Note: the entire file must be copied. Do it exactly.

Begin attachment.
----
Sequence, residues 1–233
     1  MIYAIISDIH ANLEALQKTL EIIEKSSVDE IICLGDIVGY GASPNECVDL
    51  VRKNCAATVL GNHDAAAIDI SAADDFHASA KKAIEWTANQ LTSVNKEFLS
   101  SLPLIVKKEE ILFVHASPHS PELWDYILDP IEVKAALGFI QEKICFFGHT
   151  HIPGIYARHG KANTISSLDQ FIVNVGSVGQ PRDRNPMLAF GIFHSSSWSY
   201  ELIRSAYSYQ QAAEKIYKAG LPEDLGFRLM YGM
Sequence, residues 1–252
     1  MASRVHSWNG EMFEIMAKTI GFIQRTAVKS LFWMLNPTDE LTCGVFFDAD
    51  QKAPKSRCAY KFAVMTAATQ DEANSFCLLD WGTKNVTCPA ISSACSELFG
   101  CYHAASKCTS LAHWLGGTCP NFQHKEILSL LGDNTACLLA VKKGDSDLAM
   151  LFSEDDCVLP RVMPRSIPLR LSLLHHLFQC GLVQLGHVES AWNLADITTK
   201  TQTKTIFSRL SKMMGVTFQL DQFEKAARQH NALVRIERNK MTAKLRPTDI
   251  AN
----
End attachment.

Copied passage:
Sequence, residues 1–233
     1  MIYAIISDIH ANLEALQKTL EIIEKSSVDE IICLGDIVGY GASPNECVDL
    51  VRKNCAATVL GNHDAAAIDI SAADDFHASA KKAIEWTANQ LTSVNKEFLS
   101  SLPLIVKKEE ILFVHASPHS PELWDYILDP IEVKAALGFI QEKICFFGHT
   151  HIPGIYARHG KANTISSLDQ FIVNVGSVGQ PRDRNPMLAF GIFHSSSWSY
   201  ELIRSAYSYQ QAAEKIYKAG LPEDLGFRLM YGM
Sequence, residues 1–252
     1  MASRVHSWNG EMFEIMAKTI GFIQRTAVKS LFWMLNPTDE LTCGVFFDAD
    51  QKAPKSRCAY KFAVMTAATQ DEANSFCLLD WGTKNVTCPA ISSACSELFG
   101  CYHAASKCTS LAHWLGGTCP NFQHKEILSL LGDNTACLLA VKKGDSDLAM
   151  LFSEDDCVLP RVMPRSIPLR LSLLHHLFQC GLVQLGHVES AWNLADITTK
   201  TQTKTIFSRL SKMMGVTFQL DQFEKAARQH NALVRIERNK MTAKLRPTDI
   251  AN